Child and Adolescent Social Work Journal

, Volume 36, Issue 6, pp 621–629 | Cite as

HIV and Mother–Child Conflict: Associations with Mother’s Mental and Physical Health

  • Lisa P. ArmisteadEmail author
  • William D. Marelich
  • Marya T. Schulte
  • Marylou Gilbert
  • Debra A. Murphy


Maternal illness is a stressor that can disrupt family processes and contribute to negative child outcomes, and researchers have considered family variables that mediate or moderate the maternal illness–child outcome relationship. Through reliance on a diverse sample (ethnically and racially, as well as geographically), the current study expands prior literature with a focus on parent–child conflict. Specifically, associations between aspects of HIV positive mothers’ illness and mother–child conflict were explored. One goal of the study was to determine if there were direct or indirect associations with aspects of mothers’ HIV and mother–child conflict. HIV-positive mothers (N = 136) provided CD4 count and completed measures assessing their perceived level of physical functioning, depressive symptoms, HIV health-related anxiety, and mother–child conflict with their healthy school-age children. Path analysis considered the pattern of relationships across variables. Results showed maternal vitality and depressive symptoms were directly associated with mother–child conflict. CD4 cell count and health-related anxiety operated indirectly through maternal depressive symptoms. Mediation analyses further assessed the influence of maternal CD4 cell count on mother–child conflict behavior; results indicated an indirect effect was mediated by vitality. HIV health-related anxiety and vitality separately showed indirect effects on mother–child conflict, mediated by maternal depressive symptoms. These findings are the first to focus on mother–child conflict among children affected by maternal HIV and highlight the need for screening and intervention to address depressive symptoms among HIV-positive mothers.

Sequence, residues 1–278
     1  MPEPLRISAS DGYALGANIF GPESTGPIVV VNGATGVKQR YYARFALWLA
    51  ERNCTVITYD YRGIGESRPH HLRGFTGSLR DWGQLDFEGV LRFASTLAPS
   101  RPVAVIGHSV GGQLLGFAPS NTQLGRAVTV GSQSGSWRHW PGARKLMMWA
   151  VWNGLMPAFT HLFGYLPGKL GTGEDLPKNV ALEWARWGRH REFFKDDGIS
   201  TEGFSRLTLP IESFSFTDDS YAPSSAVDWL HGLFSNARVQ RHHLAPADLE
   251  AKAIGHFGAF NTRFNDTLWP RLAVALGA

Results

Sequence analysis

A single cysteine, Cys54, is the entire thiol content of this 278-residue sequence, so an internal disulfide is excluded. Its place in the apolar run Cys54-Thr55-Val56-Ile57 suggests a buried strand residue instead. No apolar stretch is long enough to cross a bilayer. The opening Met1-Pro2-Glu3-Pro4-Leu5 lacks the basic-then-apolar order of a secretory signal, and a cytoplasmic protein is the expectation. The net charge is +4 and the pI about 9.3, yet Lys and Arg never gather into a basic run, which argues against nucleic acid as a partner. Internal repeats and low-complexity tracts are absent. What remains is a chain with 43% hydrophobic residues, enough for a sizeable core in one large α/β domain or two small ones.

HIV/AIDS Parent–child conflict Depressive symptoms 



Special thanks to Erika Becker, University of California, Los Angeles, and Sae-Jin Kim, Georgia State University, for their assistance on the manuscript.


Research reported in this manuscript was supported by the National Institute of Mental Health of the National Institutes of Health by Grant Numbers 5R01MH094148 (PI: Marya T. Schulte) and 5R01MH094233 (PI: Lisa P. Armistead). The content is solely the responsibility of the authors and does not necessarily represent the official views of the National Institutes of Health.


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© Springer Science+Business Media, LLC, part of Springer Nature 2019

Authors and Affiliations

  1. 1.Department of PsychologyGeorgia State UniversityAtlantaUSA
  2. 2.California State UniversityFullertonUSA
  3. 3.University of CaliforniaLos AngelesUSA

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